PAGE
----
The current stock market rally is not sustainable as earnings deteriorate and Fed rate hikes stall economy, BlackRock says

  • The current stock market rally from its mid-June low is unsustainable, according to BlackRock.
  • The asset management firm told clients that the rally in stocks would be derailed by deteriorating earnings and more Fed rate hikes.
  • “We see the Fed hiking rates to levels that will stall the economic restart,” BlackRock said.

BlackRock is sticking with its recommendation for investors to be underweight in stocks, calling the current rally unsustainable due to deteriorating corporate earnings and continued interest rate hikes from the Federal Reserve.

The S&P 500 has surged about 18% from its mid-June low, while the Nasdaq 100 has jumped more than 20% as inflation showed signs of cooling and the Fed signaled that future interest rate hikes could be smaller than its recent 75 basis point hikes.

But investors shouldn’t be too hopeful that the worst of the stock market decline is over, according to BlackRock.

“Stocks jumped on hopes of the Fed pausing hikes soon as inflation edges lower. We think that’s premature and see inflation settling above pre-Covid levels,” BlackRock said.

In inflation remains elevated, then more interest rate hikes from the Fed are likely. Additionally, corporate earnings could come to focus as consumers shift their spend away from goods and towards services.

“We see the Fed hiking rates to levels that will stall the economic restart. Corporate earnings may weaken more as consumer spending shifts and profit margins contract,” BlackRock said.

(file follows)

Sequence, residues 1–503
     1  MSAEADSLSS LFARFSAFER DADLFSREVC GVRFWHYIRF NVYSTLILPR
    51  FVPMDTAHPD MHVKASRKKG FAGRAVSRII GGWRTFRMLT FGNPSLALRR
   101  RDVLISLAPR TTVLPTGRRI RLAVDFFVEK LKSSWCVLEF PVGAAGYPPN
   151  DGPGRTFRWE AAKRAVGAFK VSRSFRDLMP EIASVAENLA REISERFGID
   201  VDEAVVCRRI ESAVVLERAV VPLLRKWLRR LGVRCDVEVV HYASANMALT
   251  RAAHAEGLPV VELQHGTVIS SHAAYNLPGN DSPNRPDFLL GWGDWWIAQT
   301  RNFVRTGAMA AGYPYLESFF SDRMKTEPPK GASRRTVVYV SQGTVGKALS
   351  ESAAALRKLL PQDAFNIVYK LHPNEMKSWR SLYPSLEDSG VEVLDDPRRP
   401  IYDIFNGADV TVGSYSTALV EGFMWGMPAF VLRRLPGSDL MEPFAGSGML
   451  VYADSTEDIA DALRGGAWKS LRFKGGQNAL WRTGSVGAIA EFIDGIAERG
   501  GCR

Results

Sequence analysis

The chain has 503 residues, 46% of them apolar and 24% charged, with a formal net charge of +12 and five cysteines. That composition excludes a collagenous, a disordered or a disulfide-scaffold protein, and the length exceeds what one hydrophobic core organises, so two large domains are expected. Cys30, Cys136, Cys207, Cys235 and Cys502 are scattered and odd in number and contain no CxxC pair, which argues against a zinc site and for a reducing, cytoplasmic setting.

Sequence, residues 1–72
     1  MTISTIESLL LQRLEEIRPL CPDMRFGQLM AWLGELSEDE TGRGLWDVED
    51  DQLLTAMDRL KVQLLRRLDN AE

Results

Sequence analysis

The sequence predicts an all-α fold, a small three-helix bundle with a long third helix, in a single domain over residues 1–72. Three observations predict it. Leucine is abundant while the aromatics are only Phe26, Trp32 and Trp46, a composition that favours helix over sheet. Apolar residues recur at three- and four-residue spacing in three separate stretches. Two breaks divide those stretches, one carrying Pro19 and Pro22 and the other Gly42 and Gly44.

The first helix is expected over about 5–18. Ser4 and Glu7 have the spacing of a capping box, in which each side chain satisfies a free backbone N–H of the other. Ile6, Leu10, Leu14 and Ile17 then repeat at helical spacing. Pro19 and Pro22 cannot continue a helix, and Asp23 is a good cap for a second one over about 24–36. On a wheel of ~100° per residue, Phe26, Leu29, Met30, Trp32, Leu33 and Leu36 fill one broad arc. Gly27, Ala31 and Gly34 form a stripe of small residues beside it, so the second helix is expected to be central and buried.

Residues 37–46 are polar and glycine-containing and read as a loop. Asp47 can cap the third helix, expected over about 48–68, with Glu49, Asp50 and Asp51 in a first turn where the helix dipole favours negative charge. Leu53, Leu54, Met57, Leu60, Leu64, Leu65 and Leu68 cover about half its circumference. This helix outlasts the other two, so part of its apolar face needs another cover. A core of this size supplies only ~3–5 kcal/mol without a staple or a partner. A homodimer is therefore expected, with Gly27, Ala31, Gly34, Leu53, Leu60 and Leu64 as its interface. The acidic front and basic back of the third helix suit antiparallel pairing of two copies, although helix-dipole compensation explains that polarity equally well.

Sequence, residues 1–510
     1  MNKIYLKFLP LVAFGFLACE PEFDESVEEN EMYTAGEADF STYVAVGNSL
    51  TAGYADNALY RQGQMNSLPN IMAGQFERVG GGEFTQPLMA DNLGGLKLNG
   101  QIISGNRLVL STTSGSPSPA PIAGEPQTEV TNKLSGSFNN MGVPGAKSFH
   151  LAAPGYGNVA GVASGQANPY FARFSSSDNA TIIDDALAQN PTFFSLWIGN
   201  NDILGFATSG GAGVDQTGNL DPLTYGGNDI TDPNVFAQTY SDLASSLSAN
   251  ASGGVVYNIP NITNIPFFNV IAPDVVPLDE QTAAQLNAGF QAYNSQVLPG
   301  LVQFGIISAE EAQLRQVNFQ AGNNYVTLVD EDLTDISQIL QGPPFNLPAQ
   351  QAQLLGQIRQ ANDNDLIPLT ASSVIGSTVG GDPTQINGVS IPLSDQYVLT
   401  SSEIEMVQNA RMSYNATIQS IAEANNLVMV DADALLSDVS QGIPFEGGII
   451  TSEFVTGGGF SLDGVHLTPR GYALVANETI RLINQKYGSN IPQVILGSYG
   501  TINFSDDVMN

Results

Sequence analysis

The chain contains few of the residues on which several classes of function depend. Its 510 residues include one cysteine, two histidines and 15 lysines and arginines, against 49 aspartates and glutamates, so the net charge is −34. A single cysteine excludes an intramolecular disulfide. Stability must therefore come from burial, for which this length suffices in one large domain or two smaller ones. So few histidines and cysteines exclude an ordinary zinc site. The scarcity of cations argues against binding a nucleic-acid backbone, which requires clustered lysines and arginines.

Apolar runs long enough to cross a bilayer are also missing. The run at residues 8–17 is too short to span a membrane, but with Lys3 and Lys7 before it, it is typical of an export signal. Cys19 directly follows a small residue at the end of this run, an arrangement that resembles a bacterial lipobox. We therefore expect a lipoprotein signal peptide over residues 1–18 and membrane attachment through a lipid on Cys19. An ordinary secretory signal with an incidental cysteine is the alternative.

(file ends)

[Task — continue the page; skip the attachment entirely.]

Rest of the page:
Second-quarter earnings have proved resilient, but the current makeup of the economy relative to the stock market means going forward, earnings results could weigh on stock prices, according to BlackRock.

That’s because consumer spending is shifting away from goods and toward services, and S&P 500 earnings are mostly made up of goods companies. 

“Earnings tied to goods are expected to make up 62% of S&P 500 profits this year, versus 38% tied to services. In addition, the stock market isn’t the economy. Goods accounted for less than a third of the US economy in the first half of this year. This means a boom in services doesn’t power S&P 500 earnings as much as it does the economy,” BlackRock explained.

Meanwhile, overall spending could be poised for a decline, as BlackRock believes that US economic activity is set to contract as the country navigates production and labor supply constraints.

Ultimately, BlackRock calculated that S&P 500 earnings growth has “ground to a halt” when energy and financial sectors are excluded, down from 4% annualized growth just last quarter. 

“We’re not chasing the rally. Why? First, market expectations for a dovish [Fed] pivot are premature. We think a pivot will come later as the Fed is for now responding to pressure to tame inflation. Second, we see the market’s views on earnings as overly optimistic,” BlackRock concluded.

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